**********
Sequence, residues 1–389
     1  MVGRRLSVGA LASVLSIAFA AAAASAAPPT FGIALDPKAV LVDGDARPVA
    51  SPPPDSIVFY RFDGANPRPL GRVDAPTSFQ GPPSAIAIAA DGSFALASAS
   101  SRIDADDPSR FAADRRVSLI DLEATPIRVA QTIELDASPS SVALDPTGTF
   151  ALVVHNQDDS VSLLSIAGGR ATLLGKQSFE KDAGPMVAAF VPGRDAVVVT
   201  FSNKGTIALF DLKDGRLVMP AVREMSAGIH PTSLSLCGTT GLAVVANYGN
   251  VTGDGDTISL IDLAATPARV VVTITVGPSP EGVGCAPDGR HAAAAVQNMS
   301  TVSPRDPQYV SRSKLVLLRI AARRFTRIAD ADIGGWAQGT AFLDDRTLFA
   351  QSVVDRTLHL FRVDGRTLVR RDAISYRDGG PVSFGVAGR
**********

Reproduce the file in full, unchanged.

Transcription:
Sequence, residues 1–389
     1  MVGRRLSVGA LASVLSIAFA AAAASAAPPT FGIALDPKAV LVDGDARPVA
    51  SPPPDSIVFY RFDGANPRPL GRVDAPTSFQ GPPSAIAIAA DGSFALASAS
   101  SRIDADDPSR FAADRRVSLI DLEATPIRVA QTIELDASPS SVALDPTGTF
   151  ALVVHNQDDS VSLLSIAGGR ATLLGKQSFE KDAGPMVAAF VPGRDAVVVT
   201  FSNKGTIALF DLKDGRLVMP AVREMSAGIH PTSLSLCGTT GLAVVANYGN
   251  VTGDGDTISL IDLAATPARV VVTITVGPSP EGVGCAPDGR HAAAAVQNMS
   301  TVSPRDPQYV SRSKLVLLRI AARRFTRIAD ADIGGWAQGT AFLDDRTLFA
   351  QSVVDRTLHL FRVDGRTLVR RDAISYRDGG PVSFGVAGR